Despite a challenging investing environment, the total number of campaigns launched in the 2022 proxy season is on pace to match recent years. Changes such as the SEC's mandated use of Universal Proxy cards in public solicitations beginning in September are expected to lead to a greater number of campaigns, particularly from new ESG activists, unions and ex-CEOs/Founders seeking to gain representation on a company's board. After the new rule goes into effect, shareholders will be able to launch campaigns at a fraction of the cost. Campaigns are expected to more frequently result in at least one or two dissident directors winning board seats, given shareholders' newfound ability to "mix and match" director candidates from both the company's slate and the dissidents'.

As such, management teams should continue to educate themselves on the current activism landscape, analyze key trends specific to their industry, evaluate their potential vulnerabilities and understand their shareholder composition and sentiment. While companies are most vulnerable when shareholders can submit proposals or nominate directors, the traditional proxy calendar has expanded, with activists making initial approaches well before the annual meeting season.

Building an action plan

Like any other threat to a company's reputation or performance, companies can actively prepare to address an activist threat.

Identify your team. Just as companies should have a crisis playbook on the shelf, they should also be prepared for public agitation from activist shareholders. After establishing an internal activism preparation team including key personnel across corporate functions and operating segments, engage outside advisors with specialized expertise in planning for and engaging with shareholder activists, potentially including a strategic communications consultant, law firm, investment bank, corporate governance specialist and proxy solicitor.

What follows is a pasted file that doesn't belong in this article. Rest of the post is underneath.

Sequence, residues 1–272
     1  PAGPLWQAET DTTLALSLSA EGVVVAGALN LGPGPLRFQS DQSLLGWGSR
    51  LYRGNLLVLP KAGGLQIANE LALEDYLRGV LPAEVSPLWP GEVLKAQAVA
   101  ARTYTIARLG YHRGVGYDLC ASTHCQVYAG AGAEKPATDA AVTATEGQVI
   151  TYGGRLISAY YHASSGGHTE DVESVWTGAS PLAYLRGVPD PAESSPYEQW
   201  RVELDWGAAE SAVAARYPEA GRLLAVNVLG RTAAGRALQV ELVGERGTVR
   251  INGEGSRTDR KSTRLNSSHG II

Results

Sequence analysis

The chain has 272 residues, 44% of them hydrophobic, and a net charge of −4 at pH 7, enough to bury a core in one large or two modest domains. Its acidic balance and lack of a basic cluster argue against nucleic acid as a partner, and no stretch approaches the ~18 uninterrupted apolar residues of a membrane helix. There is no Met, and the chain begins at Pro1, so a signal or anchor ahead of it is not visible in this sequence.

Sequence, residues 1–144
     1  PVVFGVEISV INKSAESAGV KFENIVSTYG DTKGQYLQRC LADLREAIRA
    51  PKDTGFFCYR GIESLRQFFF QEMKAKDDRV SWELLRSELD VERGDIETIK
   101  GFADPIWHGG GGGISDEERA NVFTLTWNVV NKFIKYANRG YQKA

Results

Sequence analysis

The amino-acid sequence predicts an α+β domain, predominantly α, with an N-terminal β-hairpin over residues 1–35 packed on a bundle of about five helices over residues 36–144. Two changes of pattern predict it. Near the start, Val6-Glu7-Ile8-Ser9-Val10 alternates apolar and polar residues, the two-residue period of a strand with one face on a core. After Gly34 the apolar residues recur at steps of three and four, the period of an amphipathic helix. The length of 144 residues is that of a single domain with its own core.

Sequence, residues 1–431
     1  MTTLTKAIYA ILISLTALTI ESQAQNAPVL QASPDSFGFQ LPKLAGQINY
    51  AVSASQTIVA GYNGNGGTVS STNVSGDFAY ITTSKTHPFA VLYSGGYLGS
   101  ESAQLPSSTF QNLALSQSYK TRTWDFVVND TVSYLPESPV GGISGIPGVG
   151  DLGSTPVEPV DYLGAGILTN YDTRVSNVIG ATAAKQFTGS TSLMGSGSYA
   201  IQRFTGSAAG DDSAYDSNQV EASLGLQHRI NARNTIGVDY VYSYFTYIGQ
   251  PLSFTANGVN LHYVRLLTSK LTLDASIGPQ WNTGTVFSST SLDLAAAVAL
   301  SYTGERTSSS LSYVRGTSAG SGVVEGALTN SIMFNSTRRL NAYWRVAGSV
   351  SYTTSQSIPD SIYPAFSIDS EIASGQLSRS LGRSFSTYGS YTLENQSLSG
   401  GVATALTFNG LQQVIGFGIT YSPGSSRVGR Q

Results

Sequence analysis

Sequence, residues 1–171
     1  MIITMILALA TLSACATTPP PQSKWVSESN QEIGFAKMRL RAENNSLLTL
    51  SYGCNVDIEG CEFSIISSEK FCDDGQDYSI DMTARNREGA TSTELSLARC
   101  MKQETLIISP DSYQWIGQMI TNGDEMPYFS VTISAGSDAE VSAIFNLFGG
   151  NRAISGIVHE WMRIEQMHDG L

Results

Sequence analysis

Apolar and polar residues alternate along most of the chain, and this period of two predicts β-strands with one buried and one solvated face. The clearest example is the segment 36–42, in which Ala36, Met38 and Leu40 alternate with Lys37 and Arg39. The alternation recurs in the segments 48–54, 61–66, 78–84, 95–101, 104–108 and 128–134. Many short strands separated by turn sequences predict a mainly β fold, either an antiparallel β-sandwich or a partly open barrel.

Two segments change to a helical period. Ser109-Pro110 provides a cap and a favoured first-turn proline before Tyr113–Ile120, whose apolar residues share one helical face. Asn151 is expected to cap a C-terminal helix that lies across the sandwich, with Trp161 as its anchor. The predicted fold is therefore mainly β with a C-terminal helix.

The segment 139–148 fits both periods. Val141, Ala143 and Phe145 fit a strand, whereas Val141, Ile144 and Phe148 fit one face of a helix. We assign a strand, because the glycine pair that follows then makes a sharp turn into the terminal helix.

Maintain a shareholder base with regular touchpoints with top shareholders. Regularly solicit and assess feedback through a mix of normal course investor relations activities, including sell-side engagements, conferences, earnings calls and investor days. Also, make an effort to engage with the corporate governance teams at your passive index funds, whose votes often determine the outcome of contested director elections.

Undertake a vulnerability analysis to evaluate weaknesses and likely angles of attack. In addition to economic vulnerabilities, including performance, corporate strategy, M&A history and operations, consider structural vulnerabilities, including your corporate governance profile, board composition, shareholder base and bylaw provisions. Consider how an activist may use these vulnerabilities as angles of attack; take preemptive action where possible and prepare response messaging accordingly.

Develop a comprehensive preparedness response plan. Having an integrated communications strategy and approach, response sequence, key messages and rebuttals to potential lines of attack and a suite of contingency communications materials for each scenario is essential in responding to an activist attack. This plan should solicit input from key stakeholders within your company, including the corporate communications and IR teams, management team and members of a company's board.

Practice responses with the board and management team. Conduct regular tabletop exercises to stress test the response plan through simulation of likely scenarios, and make sure the plan remains current as the company's strategy, personnel and results evolve over time.

Today's activist strategies are becoming more sophisticated, increasingly leveraging media tactics to win the PR battle and influence proxy advisory firms and shareholders. Any listed company can be a target. The question isn't "if," It's "how" and "when"—and what measures you have in place to mitigate the threat.


John Christiansen, Bryan Locke and Jared Levy are Partners at FGS Global.